Saturday, July 23, 2005 12:42 PM bart

A SOAP Data Provider

Introduction

Last night I posted about the "MSMQ Service Model" development I did earlier this year, in the context of my thesis research. In this post, I'll show you another development called the "SOAP Data Provider". I assume everyone who's reading this blog is familiar with the ADO.NET data access model used in the .NET Framework to access data. A data provider is the means by which an application can use the ADO.NET model to access a specific database implementation of some vendor. By default, the .NET Framework ships with data providers for its own database flaship product SQL Server (which is in fact a client for the TDS protocol behind the scenes), a data provider for Oracle, one for ODBC and one for OLEDB. The two latter ones are helpful when you have to talk to any database that supports OLEDB, e.g. Access, Excel (if you want to use Excel as a kind of database), Sybase, MySQL, etc. However, vendors can develop their own data provider too, and thus they are given a chance to write it using (proprietary) native protocols to talk with the underlying database, resulting in a better performance.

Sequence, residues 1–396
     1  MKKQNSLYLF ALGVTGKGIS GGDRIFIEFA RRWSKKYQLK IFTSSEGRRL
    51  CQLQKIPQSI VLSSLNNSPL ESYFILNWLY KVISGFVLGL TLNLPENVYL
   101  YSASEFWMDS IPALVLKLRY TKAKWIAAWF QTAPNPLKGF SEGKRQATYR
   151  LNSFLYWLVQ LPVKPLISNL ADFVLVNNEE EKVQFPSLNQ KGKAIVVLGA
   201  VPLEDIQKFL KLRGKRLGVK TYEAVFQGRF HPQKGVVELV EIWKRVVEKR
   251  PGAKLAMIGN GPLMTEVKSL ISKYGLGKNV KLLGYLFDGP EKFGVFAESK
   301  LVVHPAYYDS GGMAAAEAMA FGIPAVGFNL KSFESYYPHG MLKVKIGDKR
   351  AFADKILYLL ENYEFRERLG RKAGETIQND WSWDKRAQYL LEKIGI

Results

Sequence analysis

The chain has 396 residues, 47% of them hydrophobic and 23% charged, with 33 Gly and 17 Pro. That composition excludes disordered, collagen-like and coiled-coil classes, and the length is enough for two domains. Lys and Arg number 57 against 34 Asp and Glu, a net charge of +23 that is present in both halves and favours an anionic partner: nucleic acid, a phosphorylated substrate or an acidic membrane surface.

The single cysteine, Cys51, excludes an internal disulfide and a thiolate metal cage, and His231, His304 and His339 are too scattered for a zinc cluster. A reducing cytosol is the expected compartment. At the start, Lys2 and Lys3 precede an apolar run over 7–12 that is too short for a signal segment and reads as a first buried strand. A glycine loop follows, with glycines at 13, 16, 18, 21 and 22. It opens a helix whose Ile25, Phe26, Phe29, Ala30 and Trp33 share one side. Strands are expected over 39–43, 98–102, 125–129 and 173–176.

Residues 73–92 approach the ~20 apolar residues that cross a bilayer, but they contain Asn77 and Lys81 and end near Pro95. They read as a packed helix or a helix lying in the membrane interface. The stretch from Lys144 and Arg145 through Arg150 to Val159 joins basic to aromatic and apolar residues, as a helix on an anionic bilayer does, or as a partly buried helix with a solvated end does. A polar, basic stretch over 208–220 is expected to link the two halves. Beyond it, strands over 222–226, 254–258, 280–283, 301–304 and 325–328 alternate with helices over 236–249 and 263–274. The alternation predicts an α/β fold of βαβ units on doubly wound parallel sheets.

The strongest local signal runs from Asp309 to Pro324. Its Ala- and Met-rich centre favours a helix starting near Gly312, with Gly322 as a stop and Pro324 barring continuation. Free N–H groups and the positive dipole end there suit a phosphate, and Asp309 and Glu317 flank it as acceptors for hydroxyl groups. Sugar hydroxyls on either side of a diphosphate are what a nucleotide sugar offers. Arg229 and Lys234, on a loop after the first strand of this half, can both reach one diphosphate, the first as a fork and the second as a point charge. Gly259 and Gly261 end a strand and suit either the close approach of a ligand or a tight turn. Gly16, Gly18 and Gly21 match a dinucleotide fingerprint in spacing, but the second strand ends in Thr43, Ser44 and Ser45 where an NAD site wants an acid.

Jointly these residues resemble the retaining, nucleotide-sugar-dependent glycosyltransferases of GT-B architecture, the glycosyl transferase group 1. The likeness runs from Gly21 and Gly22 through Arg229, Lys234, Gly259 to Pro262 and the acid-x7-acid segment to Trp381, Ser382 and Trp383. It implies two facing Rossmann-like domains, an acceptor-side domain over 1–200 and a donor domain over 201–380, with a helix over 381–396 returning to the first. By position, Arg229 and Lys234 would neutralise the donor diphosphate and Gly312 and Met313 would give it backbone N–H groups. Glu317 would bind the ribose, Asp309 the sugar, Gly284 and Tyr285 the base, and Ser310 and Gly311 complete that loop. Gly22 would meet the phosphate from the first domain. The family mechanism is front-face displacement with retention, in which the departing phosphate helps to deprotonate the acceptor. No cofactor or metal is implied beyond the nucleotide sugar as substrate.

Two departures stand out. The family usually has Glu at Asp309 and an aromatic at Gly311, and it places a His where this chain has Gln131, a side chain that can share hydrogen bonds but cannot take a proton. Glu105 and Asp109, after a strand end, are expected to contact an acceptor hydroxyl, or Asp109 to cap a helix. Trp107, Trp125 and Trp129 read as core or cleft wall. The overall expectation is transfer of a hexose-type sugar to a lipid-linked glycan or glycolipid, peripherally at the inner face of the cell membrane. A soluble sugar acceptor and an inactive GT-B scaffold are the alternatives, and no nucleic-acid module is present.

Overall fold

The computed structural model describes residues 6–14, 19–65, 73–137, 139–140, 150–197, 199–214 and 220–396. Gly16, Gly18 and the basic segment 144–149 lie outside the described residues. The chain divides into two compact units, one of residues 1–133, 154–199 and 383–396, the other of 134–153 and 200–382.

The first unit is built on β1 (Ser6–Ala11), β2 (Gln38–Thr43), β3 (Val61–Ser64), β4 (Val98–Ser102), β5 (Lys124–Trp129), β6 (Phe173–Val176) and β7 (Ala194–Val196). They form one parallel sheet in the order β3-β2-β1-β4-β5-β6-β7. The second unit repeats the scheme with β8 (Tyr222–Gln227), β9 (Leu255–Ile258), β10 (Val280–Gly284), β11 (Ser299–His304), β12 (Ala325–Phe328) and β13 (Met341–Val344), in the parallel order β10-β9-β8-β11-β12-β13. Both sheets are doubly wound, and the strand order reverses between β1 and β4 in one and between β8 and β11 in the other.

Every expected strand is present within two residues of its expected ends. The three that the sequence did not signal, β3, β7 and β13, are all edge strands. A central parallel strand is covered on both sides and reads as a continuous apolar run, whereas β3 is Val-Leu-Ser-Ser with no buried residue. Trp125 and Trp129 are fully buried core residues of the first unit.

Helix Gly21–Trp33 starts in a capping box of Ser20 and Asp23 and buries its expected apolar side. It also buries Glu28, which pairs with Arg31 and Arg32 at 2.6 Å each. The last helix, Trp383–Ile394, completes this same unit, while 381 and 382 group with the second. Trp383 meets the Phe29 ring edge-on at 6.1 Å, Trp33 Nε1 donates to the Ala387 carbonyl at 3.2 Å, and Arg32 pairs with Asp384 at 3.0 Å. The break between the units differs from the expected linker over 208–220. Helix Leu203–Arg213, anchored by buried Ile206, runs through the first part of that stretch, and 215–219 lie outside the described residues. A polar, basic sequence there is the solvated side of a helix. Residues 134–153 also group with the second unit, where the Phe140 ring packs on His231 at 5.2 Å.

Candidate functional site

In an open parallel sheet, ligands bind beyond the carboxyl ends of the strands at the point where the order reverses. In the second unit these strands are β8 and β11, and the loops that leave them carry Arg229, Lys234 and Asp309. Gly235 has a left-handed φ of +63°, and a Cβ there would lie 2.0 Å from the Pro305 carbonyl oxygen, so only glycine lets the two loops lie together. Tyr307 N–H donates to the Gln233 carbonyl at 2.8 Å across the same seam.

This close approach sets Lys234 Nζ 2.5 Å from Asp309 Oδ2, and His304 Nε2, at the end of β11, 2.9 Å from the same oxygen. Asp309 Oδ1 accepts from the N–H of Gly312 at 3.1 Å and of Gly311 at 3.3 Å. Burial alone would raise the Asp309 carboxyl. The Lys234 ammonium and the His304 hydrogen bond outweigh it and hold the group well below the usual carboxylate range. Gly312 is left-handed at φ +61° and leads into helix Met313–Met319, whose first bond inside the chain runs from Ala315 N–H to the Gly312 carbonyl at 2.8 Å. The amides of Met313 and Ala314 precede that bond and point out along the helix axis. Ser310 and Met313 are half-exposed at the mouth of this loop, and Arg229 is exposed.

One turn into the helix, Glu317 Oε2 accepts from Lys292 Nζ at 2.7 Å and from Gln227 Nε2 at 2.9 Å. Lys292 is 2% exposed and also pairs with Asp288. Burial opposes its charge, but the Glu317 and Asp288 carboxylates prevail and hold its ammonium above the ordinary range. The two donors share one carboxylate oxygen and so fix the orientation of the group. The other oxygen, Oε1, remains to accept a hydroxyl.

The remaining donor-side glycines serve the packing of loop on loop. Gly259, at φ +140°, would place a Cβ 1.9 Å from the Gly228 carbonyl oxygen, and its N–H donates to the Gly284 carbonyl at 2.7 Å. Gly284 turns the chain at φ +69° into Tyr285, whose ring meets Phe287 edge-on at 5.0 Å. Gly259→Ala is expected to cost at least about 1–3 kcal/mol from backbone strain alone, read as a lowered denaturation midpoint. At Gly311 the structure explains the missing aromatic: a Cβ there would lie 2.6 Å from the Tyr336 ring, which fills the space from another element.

Data providers support the following concepts:

  • a connection - to connect to the database (or to connect to some database on a database server)
  • a command - to execute (SQL) commands against the database for data retrieval and/or data manipulation, possibly with parameters
  • a data adapter - the bridge between a DataSet and a series of command objects to allow offline data to be synchronized with the online database
  • a data reader - a forward-only reader to crawl through a result set that was retrieved by executing a query command
  • a transaction - well euhm, to support database transactions

Now, one thing that's missing (in my opinion) is a similar data adapter to access and manipulate a database through web services using the SOAP protocol. Assume you've created a database back-end and you want to expose this to several clients using web services to masquerade the physical database that's used behind the scenes. If you want to support data retrieval and data manipulation, you'll typically end up with four web methods for each operation, i.e. select, insert, update, delete. The way you implement these inside the web service is up to you. Maybe you pass the web method's arguments to parameters in a parameterized SqlCommand that's used to connect to SQL Server in the back. Or maybe you don't use some data provider in the web service logic but just call another service or call some legacy application to perform the operation. What's more important however is how to consume the webservice with its four "DML methods".

 

How to use the SOAP Data Adapter?

Because of this thought I decided to create a SOAP Data Adapter which allows you to use the DataSet-driven ADO.NET data access model combined with the power of Service-Oriented design to layer the application and to use the protocol standards such as SOAP and XML. Assume you have a web service, created by one of the following: